Look, I think eating less processed foods is a good point, but jumping from that to calling your breakfast cereal better nutrition because it doesn’t have artificial sweeteners and no isolated fiber is insane when it contains very significant amounts of real sweeteners (sugar and corn syrup) in what is clearly a very processed food.  I have yet to see one grain cluster in the natural world!  The argument that people are making against isolated fibers is actually just an argument against processed foods that are loaded with sugar, such as packaged breakfast cereals with corn syrup added!!!  Seriously, if the best thing you can say about your product is that it is less processed than Corn Flakes you are in trouble.

It really does appear that Great Grains, Post Cereals and Curtis Stone are just creating their own definition of healthy to shoehorn their cereal into it.  They are creating their entire marketing plan from current market research that shows that people believe that eating less processed foods will reduce the disturbingly high obesity rates, and people are right.  We need to eat less processed foods.  Of course, Post has taken this to mean eating more ‘less processed’ foods (and by ‘less processed’ they mean slightly less processed) rather than eating less ‘processed foods’ and instead eating whole foods made at home.  The former isn’t going to do anything for our health and obesity, the latter will actually help.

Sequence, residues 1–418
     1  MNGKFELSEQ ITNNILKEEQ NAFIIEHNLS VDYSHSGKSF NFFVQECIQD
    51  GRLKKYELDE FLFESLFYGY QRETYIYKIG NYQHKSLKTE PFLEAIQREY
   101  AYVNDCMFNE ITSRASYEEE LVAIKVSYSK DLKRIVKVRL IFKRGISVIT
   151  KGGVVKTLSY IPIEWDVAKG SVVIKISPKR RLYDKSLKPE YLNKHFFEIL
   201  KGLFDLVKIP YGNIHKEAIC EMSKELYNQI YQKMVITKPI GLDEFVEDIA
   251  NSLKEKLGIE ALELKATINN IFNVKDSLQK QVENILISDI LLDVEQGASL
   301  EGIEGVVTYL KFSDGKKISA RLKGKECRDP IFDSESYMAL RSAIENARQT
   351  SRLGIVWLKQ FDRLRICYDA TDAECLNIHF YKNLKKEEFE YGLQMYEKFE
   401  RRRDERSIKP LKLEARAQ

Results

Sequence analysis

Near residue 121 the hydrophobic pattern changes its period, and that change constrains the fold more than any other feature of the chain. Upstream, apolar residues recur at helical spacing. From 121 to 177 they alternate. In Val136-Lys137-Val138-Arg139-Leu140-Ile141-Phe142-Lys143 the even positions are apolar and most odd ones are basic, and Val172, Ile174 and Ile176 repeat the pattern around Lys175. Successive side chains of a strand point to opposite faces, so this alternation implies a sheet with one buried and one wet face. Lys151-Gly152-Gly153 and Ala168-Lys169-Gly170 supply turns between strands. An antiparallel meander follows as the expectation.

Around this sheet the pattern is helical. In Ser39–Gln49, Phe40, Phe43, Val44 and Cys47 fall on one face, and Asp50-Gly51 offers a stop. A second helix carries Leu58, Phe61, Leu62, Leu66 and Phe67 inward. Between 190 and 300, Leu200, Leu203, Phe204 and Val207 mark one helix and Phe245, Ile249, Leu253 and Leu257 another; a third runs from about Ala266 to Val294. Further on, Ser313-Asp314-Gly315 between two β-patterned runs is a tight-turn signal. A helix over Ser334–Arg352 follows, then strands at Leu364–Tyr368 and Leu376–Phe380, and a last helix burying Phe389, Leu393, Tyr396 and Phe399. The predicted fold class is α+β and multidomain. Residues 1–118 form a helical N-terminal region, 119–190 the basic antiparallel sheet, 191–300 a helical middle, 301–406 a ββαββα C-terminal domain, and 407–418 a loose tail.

How Great Grains Stacks Up

All it really takes to determine if Great Grains is a healthy breakfast alternative is to look at its competition in the breakfast arena and compare the nutrition labels.  How does it stack up to other cereals.

*per 51 grams of cereal

When you compare the nutrition of Great Grains Cranberry Almond Crunch to a handful of other cereals including Froot Loops, Honey Bunches of Oats, All Bran and Quaker slow cooked oats you can see that from a nutritional point of view it doesn’t come out as better at all, but worse.  In the chart above all of the measurements have been adjusted to the 51 gram serving size of Great Grains Cranberry Almond Crunch.  While the protein for each of these cereals varies from a low of 2 for Froot Loops to a high of almost 7 for All Bran, none of these cereals is a significant source of protein.  The same can be said for fat which varies even less.  Breakfast cereals are essentially carbohydrate delivery devices, and this is true even for Quaker Oats.  All of these cereals have about the same number of calories (It appears that Kelloggs is misrepresenting the calories in All Bran.  By my calculation, using 4 calories per gram of carbohydrate and protein and 9 calories per gram of fat, the overall calories are 201 for All Bran which would make sense.  This error appears to be in all of their literature).  The real difference in the nutrition of these cereals is in the amount of sugar added.  Froot Loops is clearly the worst with 21 grams of sugar for 51 grams of cereal.   The cereal is about 40% sugar!  Next worst is Great Grains which is 25% sugar.  Honey Bunches of oats is about 20% sugar, All Bran is about 15% sugar and Oatmeal is just under 2% sugar.

You can clearly see when you peruse the nutrition list that Great Grains Cranberry Almond Crunch is worse than Honey Bunches of Oats and no one thinks of Honey Bunches of Oats as a healthy food!  Another comparison highlights how far from ‘better nutrition‘ Post has landed with this cereal entry:

*per 51 grams of cereal

Kashi is respected as being a truly less processed cereal.  Still it is a cereal and as such it is still quite highly processed.  When you compare Kashi 7 whole grain flakes cereal to Post Great Grains Cranberry Almond Crunch you end up with a shocking comparison in which Kashi appears to be better nutritionally in every category, especially in the sugar category.  Kashi Whole Grain Flakes is only 8% sugar.